A year from the end of Rene Preval's five-years term's presidency however, Haiti, in 2010 was struck by a catastrophic earthquake that had destroyed its capital city, killed over 200.000, made an equal number of injured and had rendered over 1.5 million homeless. The United Nations also lost many personnel in that tragedy, when its headquarters collapsed.
As part of its relief efforts on the ground following the earthquake, the United Nations approved the deployment of additional troops to Haiti, this time, not from Latin and South american countries, but, asian; specifically Nepal.
Nepal at the time was going through a cholera outbreak, and, the United Nations did not provide any treatments to the troops before being sent to Haiti, despite the concerns of a possible epidemic due to contaminated water that were raised after the earthquake. Within two months of the nepalese disembarking in the country, many hospitals and clinics in the Artibonite region were being swamped by cases of diarrhea illness; and further tests confirmed that these patients were infected with the cholera bacteria.
Haiti never had a cholera outbreak in its recorded history, so the news triggered panic and confusion in the populace and in the government, as everyone was afraid of what was to come. Haiti's lack of sanitation and access to safe drinking water combined with the crowded conditions of hundreds of thousands quake victims living in camps, facilitated the spread of the disease even more rapidly. Within 4 months over 5.000 cases were being reported around the country and hundreds of deaths.
In October 2010, the World Health Organization advised Haitian officials that they should be prepared for a worst-case scenario. On November 10, Haiti's ministry of public health declared the outbreak "a matter of national security."
No one knew for sure the source of the deadly illness, until November 15, 2010, when a young Haitian working inside a U.N base in Cap-Haitian died of cholera. Violent protests broke out in Cap Haitian following the death of the young man and rumors that the outbreak was caused by UN soldiers from Nepal started to spread like wildfire. 5 people died during the riots, including 1 UN personnel.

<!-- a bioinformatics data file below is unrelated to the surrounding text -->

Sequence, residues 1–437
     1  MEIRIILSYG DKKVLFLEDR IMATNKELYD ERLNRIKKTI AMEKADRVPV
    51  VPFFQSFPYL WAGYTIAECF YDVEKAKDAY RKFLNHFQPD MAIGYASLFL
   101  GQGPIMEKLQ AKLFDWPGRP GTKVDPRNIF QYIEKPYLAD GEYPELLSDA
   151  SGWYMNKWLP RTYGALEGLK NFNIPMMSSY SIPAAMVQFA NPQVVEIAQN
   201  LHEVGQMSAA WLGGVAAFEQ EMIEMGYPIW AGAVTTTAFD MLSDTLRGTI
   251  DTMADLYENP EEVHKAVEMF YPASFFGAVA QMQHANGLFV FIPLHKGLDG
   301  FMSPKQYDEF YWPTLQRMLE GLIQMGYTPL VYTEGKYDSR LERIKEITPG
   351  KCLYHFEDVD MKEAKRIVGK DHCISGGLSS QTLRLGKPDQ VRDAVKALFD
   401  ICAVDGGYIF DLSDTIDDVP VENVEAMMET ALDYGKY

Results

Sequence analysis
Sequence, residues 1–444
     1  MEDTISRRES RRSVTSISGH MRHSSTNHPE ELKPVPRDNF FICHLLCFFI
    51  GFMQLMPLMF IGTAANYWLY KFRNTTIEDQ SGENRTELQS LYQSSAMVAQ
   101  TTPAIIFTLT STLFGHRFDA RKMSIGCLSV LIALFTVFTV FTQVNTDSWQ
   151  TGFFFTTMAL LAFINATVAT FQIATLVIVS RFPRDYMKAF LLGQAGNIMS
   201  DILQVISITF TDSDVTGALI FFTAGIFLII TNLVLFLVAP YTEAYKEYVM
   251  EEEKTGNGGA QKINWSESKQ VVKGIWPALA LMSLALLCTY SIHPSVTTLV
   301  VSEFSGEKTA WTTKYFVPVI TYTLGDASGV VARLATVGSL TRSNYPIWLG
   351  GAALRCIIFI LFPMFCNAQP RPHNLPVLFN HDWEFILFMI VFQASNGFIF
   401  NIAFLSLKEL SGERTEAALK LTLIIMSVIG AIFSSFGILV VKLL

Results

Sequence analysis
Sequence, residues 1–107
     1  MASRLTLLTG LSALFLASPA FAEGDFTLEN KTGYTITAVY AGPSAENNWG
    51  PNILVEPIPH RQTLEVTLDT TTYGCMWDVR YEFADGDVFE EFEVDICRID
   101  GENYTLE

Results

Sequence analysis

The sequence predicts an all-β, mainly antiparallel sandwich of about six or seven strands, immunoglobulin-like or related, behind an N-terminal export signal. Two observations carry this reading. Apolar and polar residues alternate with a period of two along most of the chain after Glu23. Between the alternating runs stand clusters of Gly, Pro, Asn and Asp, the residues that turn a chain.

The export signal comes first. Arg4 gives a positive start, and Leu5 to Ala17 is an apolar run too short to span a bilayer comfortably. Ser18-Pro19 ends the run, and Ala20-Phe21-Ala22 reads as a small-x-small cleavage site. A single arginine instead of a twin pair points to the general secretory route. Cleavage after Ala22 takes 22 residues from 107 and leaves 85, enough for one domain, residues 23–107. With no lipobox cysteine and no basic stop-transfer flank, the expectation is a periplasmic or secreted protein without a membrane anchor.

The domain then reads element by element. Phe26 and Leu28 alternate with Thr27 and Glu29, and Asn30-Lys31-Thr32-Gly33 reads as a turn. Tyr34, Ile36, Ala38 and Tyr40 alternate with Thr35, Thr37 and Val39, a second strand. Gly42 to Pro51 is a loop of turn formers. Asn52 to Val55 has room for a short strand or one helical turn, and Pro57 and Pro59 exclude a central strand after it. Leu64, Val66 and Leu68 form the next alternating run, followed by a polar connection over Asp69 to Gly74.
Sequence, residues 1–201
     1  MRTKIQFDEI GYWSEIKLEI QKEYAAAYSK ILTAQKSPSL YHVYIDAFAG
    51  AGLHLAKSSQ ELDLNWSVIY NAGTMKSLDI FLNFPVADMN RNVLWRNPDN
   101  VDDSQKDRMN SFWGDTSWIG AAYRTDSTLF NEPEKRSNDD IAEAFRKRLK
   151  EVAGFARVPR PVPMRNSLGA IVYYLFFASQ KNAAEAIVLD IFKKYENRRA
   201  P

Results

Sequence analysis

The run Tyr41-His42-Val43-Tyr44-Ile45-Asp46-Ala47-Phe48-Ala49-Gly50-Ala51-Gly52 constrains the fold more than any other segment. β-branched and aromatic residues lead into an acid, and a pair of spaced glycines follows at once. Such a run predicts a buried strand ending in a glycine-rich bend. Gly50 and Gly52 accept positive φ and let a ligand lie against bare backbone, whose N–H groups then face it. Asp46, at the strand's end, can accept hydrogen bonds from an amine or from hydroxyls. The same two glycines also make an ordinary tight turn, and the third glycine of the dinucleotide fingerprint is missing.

The United Nations immediately came out strongly against the rumors accusing its Nepalese soldiers of bringing the deadly epidemic to Haiti.
The suspected source of the bacteria was the Artibonite River -Haiti's longest- where a U.N nepalese base, regularly emptied out its raw sewage.
The next day, 27 of October, reporter Jonathan M. Katz of the Associated Press visited the base and found gross inconsistencies between the statement and the base's actual conditions. Katz also happened upon UN military police taking samples of ground water to test for cholera, despite UN assertions that it was not concerned about a possible link between its soldiers and the disease. Neighbors told the reporter that waste from the base often spilled into the river. Later that day, a crew from Al Jazeera English including reporter Sebastian Walker filmed the soldiers trying to excavate a leaking pipe; the video was posted online the next day and, citing AP's report, drew increased awareness to the base. MINUSTAH spokesmen later contended that the samples taken from the base proved negative for cholera. However, an AP investigation showed that the tests were improperly done at a laboratory in the Dominican Republic with no experience of testing for cholera.
The U.S. Centers for Disease Control and Prevention said its tests of "DNA fingerprinting" showed various samples of cholera from Haitian patients were identified as Vibrio cholerae serogroup O1, serotype Ogawa, a strain found in South Asia
For months following the revelation, the United Nations vehemently argued against an independent investigation into what would become the deadliest cholera outbreak in history. As the U.N continued to deny the role of it peacekeepers however, more irrefutable evidence linking the cholera strain in Haiti to the one in Nepal were being published by scientists and medical institutions around the world.
In the midst of its silent occupation, the global institution which had made itself famous by promoting human rights and health practices among other worldly issues, through its negligent sanitary practices, introduced a deadly epidemic to one of the poorest countries in the world, that would claimed the lives of over 10.000, sickened more than 1.2 million; while refusing to assume any responsibility. The United Nations contended that the reports of the CDC, Yale, Harvard medical school, as well as the UN own independent investigation among others, pointing the source of the epidemic to its Nepalese base, to be: inconclusive.
After years of utter denial and mounting pressure from international human rights organizations, medical and legal institutions as well as national governments, the United Nations finally accepted responsibility for introducing cholera in Haiti, but, declined to admit to any legal wrongdoing, and claimed immunity from the lawsuits in US courts seeking compensation to victims.